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Volume 12, Number 10—October 2006

Research

Campylobacter jejuni Multilocus Sequence Types in Humans, Northwest England, 2003–2004

Will Sopwith*Comments to Author , Andrew Birtles†, Margaret Matthews†, Andrew Fox†, Steven Gee‡, Michael Painter*, Martyn Regan*, Qutub Syed*, and Eric Bolton†
Author affiliations: *Health Protection Agency (North West), Liverpool, United Kingdom; †Regional Health Protection Agency Laboratory, Manchester, United Kingdom; ‡Cumbria and Lancashire Health Protection Unit, Preston, United Kingdom

Main Article

Table 2

Comparative distributions of the most common MLST clonal complexes by study area, April 2003 to March 2004*

Clonal complex Isolates
Incidence/100,000
Incidence ratio 95% confidence intervals p value
Rural Suburban Rural Suburban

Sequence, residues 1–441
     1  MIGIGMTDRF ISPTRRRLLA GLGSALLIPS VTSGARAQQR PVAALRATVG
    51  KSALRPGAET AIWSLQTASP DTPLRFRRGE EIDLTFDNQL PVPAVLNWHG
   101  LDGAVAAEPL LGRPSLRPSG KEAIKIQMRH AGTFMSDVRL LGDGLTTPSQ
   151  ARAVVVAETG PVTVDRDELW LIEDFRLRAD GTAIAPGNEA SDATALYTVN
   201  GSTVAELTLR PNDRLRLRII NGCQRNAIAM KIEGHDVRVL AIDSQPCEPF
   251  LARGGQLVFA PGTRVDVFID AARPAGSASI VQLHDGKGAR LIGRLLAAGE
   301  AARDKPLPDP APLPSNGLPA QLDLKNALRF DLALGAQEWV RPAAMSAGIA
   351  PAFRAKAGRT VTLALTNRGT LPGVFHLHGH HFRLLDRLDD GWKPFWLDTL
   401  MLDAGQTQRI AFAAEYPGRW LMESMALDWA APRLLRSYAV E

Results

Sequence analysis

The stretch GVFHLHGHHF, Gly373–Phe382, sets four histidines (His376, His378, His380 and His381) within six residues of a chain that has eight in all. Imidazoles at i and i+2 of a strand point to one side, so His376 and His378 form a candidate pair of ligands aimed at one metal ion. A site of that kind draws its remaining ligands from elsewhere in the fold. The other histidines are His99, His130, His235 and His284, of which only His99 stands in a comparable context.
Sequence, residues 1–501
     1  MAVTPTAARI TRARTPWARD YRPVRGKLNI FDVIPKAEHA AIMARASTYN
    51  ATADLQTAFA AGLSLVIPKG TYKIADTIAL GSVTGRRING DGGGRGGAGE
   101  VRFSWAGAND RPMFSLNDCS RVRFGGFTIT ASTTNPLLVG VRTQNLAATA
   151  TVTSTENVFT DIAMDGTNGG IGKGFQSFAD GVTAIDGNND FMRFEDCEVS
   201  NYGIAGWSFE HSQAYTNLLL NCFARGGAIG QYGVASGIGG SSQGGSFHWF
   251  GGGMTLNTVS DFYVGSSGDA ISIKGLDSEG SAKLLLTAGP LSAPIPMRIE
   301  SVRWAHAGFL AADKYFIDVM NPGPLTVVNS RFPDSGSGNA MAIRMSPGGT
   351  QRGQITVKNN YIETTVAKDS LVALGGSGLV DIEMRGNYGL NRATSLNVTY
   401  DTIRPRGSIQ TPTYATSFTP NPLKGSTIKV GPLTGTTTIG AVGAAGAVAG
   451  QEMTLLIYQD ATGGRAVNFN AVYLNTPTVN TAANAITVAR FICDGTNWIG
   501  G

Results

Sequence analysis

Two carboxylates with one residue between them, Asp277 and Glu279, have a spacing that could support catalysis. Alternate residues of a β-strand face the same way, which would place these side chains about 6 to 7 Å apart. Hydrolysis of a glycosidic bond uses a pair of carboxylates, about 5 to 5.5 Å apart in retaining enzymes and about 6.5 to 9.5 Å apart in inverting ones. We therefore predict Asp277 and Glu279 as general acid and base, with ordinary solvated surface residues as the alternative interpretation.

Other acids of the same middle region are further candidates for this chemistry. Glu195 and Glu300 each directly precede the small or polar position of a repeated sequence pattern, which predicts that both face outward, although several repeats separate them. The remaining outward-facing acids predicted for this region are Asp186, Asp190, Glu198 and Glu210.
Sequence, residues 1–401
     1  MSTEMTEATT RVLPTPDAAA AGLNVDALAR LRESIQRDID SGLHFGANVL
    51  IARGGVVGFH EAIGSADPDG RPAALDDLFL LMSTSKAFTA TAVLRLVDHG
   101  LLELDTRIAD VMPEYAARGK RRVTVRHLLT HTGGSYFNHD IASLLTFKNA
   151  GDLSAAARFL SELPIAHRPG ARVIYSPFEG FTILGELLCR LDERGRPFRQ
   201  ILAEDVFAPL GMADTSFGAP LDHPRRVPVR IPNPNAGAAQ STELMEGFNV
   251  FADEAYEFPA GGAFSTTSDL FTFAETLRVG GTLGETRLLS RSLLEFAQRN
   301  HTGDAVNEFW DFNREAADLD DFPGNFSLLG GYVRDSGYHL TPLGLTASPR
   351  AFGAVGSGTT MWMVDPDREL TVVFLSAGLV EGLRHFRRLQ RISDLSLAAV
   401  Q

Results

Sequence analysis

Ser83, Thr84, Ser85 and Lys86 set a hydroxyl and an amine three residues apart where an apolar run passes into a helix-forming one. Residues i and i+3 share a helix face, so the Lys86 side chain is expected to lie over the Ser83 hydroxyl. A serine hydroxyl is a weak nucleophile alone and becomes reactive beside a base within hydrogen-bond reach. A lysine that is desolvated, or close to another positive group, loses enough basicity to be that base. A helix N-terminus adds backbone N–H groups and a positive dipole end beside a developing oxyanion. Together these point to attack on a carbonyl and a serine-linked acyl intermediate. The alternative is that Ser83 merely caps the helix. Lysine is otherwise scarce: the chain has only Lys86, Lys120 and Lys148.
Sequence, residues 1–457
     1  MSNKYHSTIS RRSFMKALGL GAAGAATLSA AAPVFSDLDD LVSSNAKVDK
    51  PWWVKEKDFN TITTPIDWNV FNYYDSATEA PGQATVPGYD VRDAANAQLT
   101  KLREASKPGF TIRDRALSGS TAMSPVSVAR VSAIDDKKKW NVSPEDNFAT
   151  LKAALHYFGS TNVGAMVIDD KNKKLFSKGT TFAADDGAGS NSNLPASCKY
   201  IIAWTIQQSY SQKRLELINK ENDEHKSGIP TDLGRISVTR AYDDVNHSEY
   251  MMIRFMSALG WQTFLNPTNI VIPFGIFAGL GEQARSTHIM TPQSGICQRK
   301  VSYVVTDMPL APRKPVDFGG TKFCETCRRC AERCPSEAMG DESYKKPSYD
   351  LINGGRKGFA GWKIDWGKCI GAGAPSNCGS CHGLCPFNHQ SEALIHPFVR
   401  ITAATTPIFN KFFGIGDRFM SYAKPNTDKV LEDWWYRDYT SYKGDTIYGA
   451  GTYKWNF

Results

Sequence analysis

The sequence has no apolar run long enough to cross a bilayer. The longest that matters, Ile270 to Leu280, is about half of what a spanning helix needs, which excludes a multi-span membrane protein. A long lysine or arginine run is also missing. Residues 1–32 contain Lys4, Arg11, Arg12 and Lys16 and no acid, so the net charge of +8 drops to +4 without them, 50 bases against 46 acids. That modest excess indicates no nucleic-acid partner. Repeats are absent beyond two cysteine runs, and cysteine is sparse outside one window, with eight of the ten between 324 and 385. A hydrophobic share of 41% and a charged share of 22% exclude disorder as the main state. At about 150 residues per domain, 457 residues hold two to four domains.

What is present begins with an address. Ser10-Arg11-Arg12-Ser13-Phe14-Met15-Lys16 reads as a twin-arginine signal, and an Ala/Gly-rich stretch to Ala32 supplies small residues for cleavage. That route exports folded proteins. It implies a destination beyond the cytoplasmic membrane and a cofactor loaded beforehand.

ST–21 36 66 19.91 15.50 1.28 0.83–1.96
ST–45 21 14 11.61 3.29 3.53 1.71–7.51 <0.001
UA 12 22 6.64 5.17 1.28 0.58–2.71
ST–257 9 19 4.98 4.46 1.12 0.44–2.59
ST–443 6 15 3.32 3.52 1.01 0.32–2.80
ST–48 6 13 3.32 3.05 1.09 0.34–3.07
ST–206 8 10 4.42 2.35 1.88 0.65–5.30
ST–353 4 9 2.21 2.11 1.05 0.24–3.75
ST–22 2 5 1.11 1.17 0.94 0.09–5.75
ST–49 2 5 1.11 1.17 0.94 0.09–5.75
C. coli 16 14 8.85 3.29 2.69 1.23–5.95 <0.01
All cases† 181 312 100.08 73.25 1.37 1.13–1.65 <0.001

*Including UA (new sequence types as yet unassigned to a clonal complex), Campylobacter coli isolates, and all cases of campylobacteriosis reported. Annual estimated incidence was calculated for each clonal complex and incidence ratios were calculated for rural incidence/suburban incidence, including confidence intervals. Those data with a statistically significant difference between the study areas are shown in boldface type (level of significance p<0.05). MLST, multilocus sequence typing.
†Refers to the entire dataset for reference, i.e., those shown in this table plus all others.

Main Article

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